Why Enterprise needs unified build platform?

Sooner or later every single company that builds their own software comes to implementing some kind of generalized build & deploy system. While meeting the need, such a system does not add any competitive advantage to the core business. It is like if each company will start creating their own programming languages: it could be made highly optimized for a particular busines, but maintaining one sucks in more money that it generates. And don't forget the people around it: how much expertize is preserved when developers rotate or simply resign? What kind of support does such a system gets?

 This paragraph may evolve into a huge discussion, but in my opinion - creating and maintaining commodity software only makes sense if it is the primary business of an institution, in all other cases (we are discussing commercial enterprises) obtaining commodity software is preferable and saves a lot of money. Especially clear this becomes when the primary business changes: grows, modifies requirements.

This may sound trivial, but a community can achieve more that any single entity. And if 10 entities manage to invest 1 unit of work into a community project, the return is 10-fold right away. Provided that the direction of development is agreed upon by all 10 (smile)

I think it' the right time to get together and discuss all that. The upcoming ApacheCon in Austin, TX Oct 9-13 2006 seems to be reasonably good opportunity to do that.

What is different for Maven in the Enterprise 

In my understanding Maven for Enterprise has a set of unique characteristics. Most of these characteristics are common sense options for almost all projects, but in the enterprise environment they sease being options and become requirements.

As a build platform, Maven is expected to deliver:

Versioning support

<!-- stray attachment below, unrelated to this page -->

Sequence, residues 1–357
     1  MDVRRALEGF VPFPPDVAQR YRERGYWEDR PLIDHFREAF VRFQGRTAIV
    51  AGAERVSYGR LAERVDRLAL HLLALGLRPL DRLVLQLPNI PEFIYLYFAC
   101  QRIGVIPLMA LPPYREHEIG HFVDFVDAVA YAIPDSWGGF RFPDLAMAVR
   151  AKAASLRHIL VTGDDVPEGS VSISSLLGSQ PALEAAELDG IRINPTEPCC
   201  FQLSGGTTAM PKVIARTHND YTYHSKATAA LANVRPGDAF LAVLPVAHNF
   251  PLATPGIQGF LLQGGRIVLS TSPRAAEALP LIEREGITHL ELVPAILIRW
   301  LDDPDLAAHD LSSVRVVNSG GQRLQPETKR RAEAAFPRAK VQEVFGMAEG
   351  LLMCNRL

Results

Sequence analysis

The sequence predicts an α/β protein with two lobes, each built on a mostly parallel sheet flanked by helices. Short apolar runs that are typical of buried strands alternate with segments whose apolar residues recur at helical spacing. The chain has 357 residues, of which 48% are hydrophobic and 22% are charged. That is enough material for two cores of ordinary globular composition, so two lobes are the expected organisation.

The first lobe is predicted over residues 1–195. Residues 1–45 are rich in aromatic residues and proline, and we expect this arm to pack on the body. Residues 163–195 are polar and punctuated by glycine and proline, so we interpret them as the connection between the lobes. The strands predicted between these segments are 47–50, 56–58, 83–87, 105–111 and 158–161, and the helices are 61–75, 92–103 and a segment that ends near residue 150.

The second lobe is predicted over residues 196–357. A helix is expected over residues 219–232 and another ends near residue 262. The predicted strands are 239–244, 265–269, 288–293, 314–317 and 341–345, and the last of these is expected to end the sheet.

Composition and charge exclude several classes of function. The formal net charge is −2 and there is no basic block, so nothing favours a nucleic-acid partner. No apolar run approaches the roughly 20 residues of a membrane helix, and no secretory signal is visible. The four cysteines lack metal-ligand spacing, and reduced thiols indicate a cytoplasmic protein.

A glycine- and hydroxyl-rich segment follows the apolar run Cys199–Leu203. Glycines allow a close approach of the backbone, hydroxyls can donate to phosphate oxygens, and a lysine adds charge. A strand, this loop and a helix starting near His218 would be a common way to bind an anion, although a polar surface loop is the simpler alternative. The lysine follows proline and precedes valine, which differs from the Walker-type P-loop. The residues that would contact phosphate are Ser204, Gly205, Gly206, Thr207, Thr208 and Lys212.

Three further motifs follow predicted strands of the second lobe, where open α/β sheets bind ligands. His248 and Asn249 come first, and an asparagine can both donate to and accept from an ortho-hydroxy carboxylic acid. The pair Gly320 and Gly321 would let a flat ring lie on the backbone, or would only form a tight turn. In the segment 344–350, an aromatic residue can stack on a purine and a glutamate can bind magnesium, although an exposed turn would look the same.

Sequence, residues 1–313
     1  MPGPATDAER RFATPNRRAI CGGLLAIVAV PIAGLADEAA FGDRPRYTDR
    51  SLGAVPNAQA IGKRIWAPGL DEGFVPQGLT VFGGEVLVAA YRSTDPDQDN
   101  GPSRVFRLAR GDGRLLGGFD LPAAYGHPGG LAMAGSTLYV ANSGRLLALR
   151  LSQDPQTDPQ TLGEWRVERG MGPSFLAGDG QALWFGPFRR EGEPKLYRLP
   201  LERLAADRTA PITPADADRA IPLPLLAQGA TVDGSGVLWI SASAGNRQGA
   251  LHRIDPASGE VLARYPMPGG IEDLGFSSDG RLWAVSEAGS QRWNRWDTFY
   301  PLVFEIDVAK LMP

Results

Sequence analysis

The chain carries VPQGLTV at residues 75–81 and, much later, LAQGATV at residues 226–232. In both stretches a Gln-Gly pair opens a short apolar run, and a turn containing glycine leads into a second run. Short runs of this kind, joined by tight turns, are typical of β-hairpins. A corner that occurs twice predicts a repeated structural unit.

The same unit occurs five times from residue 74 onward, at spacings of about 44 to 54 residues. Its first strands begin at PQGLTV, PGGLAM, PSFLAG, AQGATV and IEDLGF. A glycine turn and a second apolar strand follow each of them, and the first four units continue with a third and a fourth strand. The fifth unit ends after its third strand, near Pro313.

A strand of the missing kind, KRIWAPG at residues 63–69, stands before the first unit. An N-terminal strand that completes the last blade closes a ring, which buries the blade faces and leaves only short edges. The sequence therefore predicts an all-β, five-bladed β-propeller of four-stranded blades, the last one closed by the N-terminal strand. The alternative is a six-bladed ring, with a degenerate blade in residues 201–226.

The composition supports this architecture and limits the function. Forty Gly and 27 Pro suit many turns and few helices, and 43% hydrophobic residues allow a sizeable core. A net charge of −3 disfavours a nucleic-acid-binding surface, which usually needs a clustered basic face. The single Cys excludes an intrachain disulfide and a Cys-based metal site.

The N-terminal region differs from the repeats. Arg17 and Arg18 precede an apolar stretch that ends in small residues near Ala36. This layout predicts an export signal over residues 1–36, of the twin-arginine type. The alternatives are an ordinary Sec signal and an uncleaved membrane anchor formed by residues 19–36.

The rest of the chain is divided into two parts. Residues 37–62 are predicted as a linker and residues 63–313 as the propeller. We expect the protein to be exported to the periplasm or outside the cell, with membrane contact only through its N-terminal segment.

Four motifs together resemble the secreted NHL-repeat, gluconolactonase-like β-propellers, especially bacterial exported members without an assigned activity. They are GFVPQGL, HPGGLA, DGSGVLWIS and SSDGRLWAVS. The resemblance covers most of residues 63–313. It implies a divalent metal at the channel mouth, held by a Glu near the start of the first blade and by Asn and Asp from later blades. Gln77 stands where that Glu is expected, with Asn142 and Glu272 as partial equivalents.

A very interesting challenge is version maintance: if I have a thousand developers working on 500 projects - keeping versions in sync is a hustle. Some of it may be addressed by the release plugin, but that one is very limited in terms of project structure support. I think we are coming to a more fundmental requirement here: dependency graph manipulation tool, which supports:

Licensing support 

In the enterprise it is very important to know and quickly access the license of any project. Licence may have a version, it may be just another, specially designated dependency that resolves into either a predefined set of known licenses or a new URI for the license?

A clean separation "internal project" vs. "external dependency" might be desirable. We can do it by, say, groupId. Is there a need in more granular project attributes?

Enterprise Development cycle
Maybe we should define a reference "enterprise software development cycle" and brainstorm how well Maven supports various aspects of it? Normally we always stopped at unit tests, completly ignoring QA/regression testing, saying: OK - it may happen behind the seen and then - by miracle - project is released; version may or may not change. Well - this is not going to fly if you try to sell it to a big company's software development management; first question will be: how does it support my real cycle?

Here is an attempt to define coarse cycle phases we can refine and generalize:

I fully realize that this is an over simplified description, but we need to start with something and grow the meat.